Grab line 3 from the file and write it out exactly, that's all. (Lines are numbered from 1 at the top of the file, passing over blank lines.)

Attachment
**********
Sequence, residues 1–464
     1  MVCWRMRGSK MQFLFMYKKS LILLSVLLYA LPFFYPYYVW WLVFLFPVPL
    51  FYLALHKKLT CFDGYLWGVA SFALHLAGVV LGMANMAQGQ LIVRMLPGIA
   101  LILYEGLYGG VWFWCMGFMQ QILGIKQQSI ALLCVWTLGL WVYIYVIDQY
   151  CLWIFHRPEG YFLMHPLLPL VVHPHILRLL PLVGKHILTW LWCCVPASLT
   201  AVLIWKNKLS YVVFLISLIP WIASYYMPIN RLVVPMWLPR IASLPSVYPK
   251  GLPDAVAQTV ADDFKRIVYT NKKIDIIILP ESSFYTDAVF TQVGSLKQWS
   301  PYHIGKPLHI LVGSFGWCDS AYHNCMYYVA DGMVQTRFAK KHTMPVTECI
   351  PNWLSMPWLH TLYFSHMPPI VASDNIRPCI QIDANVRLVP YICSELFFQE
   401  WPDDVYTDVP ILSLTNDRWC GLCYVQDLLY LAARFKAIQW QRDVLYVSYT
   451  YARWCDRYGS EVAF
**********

    51  FYLALHKKLT CFDGYLWGVA SFALHLAGVV LGMANMAQGQ LIVRMLPGIA